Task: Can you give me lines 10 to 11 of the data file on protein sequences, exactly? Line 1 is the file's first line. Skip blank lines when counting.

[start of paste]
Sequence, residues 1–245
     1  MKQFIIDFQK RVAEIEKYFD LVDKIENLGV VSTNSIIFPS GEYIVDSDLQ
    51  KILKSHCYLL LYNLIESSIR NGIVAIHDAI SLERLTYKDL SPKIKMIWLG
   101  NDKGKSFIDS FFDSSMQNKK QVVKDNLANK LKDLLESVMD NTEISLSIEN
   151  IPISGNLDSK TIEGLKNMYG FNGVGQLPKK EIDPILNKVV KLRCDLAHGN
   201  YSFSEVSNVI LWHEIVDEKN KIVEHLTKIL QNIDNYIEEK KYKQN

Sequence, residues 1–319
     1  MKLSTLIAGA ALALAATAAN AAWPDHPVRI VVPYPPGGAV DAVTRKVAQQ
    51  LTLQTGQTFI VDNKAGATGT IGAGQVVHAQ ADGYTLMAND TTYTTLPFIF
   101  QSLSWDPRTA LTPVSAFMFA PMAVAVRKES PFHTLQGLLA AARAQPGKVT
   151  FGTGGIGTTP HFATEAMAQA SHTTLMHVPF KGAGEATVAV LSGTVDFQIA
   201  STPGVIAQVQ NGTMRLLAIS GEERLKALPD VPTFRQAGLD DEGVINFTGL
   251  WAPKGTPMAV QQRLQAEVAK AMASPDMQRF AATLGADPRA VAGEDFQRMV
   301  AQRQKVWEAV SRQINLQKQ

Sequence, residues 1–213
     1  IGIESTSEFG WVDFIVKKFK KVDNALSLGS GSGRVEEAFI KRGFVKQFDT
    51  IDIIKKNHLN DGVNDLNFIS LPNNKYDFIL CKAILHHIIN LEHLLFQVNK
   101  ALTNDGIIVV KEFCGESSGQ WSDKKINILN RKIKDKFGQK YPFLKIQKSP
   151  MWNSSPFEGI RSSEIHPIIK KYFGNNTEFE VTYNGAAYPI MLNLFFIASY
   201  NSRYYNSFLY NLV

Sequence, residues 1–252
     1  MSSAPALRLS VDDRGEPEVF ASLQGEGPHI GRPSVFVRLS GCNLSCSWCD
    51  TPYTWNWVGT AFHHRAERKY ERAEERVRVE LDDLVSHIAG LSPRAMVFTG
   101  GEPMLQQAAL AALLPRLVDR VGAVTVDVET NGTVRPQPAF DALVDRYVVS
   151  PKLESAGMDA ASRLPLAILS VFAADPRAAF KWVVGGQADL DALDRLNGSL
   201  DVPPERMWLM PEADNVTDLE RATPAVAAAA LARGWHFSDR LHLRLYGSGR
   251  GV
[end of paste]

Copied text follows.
   101  QSLSWDPRTA LTPVSAFMFA PMAVAVRKES PFHTLQGLLA AARAQPGKVT
   151  FGTGGIGTTP HFATEAMAQA SHTTLMHVPF KGAGEATVAV LSGTVDFQIA